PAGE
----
Why the Gender Pay Gap Hurts Men?

We are approaching that time of year when the gender pay gap between men and women is such, that women are effectively “working for free” till the end of the year.

What contributes to the Gender Pay Gap?

 We’ve had the Equal Pay Act since 1970. This landmark legislation gave an individual a right to the same contractual pay and benefits as a person of the opposite sex in the same employment. When you think about the pay gap that exists still today you might think that women are being paid less for doing the same work as men but that’s rarely the case because, it’s illegal. No, you must look at how the pay gap is calculated to appreciate what causes the pay gap.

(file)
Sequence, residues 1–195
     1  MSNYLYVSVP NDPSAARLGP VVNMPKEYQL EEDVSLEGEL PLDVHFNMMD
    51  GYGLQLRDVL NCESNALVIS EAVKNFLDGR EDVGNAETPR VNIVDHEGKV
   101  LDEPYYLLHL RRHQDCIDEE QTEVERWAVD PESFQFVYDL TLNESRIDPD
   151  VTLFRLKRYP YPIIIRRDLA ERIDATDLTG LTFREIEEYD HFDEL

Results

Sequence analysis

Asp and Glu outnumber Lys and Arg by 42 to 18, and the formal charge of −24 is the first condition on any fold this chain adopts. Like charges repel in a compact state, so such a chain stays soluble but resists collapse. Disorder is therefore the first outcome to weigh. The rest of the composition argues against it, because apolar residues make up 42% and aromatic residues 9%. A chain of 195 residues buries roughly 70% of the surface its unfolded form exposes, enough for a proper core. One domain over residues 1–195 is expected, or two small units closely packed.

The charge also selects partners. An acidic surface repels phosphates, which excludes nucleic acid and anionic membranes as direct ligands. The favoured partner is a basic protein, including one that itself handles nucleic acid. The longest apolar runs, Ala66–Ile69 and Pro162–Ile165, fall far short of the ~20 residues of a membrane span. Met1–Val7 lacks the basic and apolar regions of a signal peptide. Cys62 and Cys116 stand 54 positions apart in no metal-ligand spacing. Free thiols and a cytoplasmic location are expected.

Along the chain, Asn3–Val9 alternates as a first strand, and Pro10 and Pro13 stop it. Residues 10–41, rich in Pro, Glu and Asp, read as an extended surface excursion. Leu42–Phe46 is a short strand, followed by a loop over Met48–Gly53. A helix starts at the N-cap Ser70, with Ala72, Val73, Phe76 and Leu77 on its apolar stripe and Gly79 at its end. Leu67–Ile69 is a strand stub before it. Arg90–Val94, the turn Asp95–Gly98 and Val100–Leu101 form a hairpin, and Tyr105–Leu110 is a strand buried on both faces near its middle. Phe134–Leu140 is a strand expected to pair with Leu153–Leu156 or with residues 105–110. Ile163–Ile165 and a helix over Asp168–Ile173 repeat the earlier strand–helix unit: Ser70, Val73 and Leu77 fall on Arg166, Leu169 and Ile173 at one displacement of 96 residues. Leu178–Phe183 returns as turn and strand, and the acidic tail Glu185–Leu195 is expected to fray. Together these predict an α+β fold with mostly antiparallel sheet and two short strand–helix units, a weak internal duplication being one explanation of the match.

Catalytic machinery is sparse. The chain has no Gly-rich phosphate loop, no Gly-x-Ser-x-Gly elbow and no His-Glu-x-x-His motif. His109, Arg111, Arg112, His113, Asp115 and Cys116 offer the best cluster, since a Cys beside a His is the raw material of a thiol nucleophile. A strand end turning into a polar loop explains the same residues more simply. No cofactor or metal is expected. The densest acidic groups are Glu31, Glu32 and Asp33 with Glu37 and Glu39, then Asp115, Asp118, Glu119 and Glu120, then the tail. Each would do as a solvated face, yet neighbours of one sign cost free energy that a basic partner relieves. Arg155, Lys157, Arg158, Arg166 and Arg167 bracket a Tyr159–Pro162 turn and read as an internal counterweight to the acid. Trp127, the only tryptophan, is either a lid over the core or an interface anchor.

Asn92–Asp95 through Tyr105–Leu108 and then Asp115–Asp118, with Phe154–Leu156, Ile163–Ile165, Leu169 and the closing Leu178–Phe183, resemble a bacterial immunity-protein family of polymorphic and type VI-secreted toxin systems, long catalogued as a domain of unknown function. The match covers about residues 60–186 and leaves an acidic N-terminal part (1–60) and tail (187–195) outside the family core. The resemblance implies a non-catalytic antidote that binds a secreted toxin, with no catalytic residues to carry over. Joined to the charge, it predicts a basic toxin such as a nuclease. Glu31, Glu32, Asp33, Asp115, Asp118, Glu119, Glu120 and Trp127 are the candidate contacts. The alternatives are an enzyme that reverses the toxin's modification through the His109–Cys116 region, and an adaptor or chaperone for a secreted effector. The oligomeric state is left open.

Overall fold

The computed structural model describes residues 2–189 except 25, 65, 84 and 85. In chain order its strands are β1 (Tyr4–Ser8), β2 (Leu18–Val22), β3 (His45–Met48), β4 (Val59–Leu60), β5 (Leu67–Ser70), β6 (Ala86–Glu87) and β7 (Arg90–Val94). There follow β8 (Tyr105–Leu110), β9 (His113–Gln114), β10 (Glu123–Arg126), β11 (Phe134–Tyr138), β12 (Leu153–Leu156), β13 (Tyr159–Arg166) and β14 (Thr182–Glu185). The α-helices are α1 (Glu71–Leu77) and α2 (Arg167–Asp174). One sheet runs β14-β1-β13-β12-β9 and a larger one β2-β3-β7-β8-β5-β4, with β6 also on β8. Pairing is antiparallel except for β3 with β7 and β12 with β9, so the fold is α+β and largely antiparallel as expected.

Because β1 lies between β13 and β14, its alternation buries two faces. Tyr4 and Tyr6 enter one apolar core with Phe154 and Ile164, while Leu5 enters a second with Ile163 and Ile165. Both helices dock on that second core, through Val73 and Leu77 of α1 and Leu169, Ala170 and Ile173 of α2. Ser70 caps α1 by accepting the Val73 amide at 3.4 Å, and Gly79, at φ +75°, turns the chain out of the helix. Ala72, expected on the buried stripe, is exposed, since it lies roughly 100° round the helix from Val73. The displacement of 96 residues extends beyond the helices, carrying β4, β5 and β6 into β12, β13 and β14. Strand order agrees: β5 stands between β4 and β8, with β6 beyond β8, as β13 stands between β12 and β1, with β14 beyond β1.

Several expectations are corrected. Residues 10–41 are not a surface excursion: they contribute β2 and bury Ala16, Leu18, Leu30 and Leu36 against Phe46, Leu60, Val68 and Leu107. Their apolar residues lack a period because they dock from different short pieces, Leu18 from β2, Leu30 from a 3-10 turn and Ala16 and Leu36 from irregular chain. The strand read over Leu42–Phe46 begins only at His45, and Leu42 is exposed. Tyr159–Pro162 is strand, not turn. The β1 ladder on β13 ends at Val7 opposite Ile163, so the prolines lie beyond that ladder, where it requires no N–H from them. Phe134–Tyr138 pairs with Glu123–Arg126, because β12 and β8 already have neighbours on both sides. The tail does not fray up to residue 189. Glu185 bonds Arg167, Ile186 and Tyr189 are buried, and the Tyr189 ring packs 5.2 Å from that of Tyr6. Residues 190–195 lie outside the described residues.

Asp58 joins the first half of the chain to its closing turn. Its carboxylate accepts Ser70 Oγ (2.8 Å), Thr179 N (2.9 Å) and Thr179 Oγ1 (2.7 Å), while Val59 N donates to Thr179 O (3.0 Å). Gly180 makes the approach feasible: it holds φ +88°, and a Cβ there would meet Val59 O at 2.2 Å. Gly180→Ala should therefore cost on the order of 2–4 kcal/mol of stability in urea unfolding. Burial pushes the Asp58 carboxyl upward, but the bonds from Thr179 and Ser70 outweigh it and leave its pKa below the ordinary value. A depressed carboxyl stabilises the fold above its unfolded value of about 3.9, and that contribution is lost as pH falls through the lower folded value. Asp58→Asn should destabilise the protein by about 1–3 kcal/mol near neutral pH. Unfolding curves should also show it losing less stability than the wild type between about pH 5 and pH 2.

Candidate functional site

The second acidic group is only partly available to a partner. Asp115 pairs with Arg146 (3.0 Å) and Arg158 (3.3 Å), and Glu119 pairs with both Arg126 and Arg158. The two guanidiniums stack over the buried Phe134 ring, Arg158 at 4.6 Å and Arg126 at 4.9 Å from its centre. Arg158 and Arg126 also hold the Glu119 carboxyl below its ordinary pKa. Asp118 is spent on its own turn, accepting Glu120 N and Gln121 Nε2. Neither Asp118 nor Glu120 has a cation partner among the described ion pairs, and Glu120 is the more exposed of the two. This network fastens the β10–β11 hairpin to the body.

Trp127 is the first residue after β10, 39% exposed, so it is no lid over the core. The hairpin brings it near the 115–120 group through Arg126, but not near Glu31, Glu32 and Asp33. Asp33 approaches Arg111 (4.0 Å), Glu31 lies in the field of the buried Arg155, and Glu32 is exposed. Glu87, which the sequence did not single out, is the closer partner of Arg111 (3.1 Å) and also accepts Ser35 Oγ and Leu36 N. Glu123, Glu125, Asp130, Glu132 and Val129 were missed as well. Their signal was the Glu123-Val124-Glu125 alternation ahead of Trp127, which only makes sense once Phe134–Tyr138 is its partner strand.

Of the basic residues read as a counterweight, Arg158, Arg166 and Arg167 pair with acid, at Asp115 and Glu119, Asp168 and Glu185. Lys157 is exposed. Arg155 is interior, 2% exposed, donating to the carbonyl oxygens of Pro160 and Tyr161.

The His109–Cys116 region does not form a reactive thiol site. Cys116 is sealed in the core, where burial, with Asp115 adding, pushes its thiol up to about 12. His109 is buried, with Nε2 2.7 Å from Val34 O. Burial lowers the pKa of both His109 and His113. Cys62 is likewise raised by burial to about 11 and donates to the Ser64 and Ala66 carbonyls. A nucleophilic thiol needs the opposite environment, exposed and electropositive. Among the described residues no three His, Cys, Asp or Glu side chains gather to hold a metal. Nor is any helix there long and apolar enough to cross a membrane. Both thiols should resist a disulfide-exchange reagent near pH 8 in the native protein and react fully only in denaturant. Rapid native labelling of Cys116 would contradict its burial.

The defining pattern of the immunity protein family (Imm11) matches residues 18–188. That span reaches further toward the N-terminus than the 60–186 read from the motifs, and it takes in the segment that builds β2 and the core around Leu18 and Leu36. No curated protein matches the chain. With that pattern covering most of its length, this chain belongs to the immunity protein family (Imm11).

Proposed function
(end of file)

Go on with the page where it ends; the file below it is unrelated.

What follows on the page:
How to calculate the gender pay gap

 Put simplistically, you add up what all the men in an organisation earn and all the women earn, and you divide each of these sums by the number of men and women there are and that gives you the averages which determine the gap. The main reason for there being a persistent pay gap is that more men occupy senior roles which pay more. So, the metric of the gender pay gap is really a check on gender equality at the top. And things are not looking too rosy on that front.

Impact of the pandemic

During the last two years of lockdown a light was shone on the significant imbalance in the split of the domestic load in homes across the country. Parents had to cope with home-schooling which was extremely taxing. Most home-schooling was done by women; 67% of women and 52% of men were taking charge of their children’s education at home this time. Furthermore, 53% of women reported struggling with their mental health compared with 45% of men (Guardian, 2021).